Indra Rajaratnam

The famous line “Please, sir, I want some more” from Oliver Twist comes to mind when thinking of investors in the innovative financial markets that have an appetite for more credit risk, more leverage and more yield-enhancing opportunities. Just as, through metamorphosis, the caterpillar is transformed into a butterfly, through financial engineering, a single-name credit default swap (CDS) can transform into a multi-name credit derivative or a funded credit-linked note.

The single-name CDS is the “vanilla essence” of the credit derivatives market, and is the primary building block of many exotic credit products. But, as more leverage is built into a transaction, risk is invariably also compounded. This product, however, also constitutes a critical credit risk mitigation tool in its own right.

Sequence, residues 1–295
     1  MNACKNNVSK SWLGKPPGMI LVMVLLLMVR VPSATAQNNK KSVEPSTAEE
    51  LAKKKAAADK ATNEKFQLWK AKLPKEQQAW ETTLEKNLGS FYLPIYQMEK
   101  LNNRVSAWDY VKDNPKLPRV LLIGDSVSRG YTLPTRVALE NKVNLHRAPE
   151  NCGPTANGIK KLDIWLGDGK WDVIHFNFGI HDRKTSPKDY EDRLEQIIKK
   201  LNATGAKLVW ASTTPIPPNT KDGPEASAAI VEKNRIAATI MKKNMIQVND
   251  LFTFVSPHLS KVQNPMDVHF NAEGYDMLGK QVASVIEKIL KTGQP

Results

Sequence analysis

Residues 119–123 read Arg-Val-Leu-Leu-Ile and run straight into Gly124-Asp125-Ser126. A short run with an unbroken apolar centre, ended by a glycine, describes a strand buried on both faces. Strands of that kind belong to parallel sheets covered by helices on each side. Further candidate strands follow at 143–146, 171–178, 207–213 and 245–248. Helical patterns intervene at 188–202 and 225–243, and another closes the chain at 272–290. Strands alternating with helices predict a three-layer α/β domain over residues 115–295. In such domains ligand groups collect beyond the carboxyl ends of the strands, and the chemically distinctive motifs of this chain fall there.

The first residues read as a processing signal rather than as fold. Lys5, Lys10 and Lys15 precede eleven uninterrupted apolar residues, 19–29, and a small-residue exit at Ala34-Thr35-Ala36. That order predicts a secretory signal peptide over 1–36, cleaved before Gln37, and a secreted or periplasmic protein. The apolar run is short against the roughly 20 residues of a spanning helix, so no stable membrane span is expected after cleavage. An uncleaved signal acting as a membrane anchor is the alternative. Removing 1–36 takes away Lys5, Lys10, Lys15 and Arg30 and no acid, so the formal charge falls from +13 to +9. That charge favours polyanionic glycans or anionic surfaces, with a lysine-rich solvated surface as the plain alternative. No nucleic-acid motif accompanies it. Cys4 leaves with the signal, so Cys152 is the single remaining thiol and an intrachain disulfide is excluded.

Although, in the past, structured credit products predominantly resonated with institutional investors due to their complexities requiring specialised financial knowledge, these products have since ignited interest from retail investors. This demographic of the investor base can now tap into investments in the CDS market through innovative exchange-traded funds that package credit

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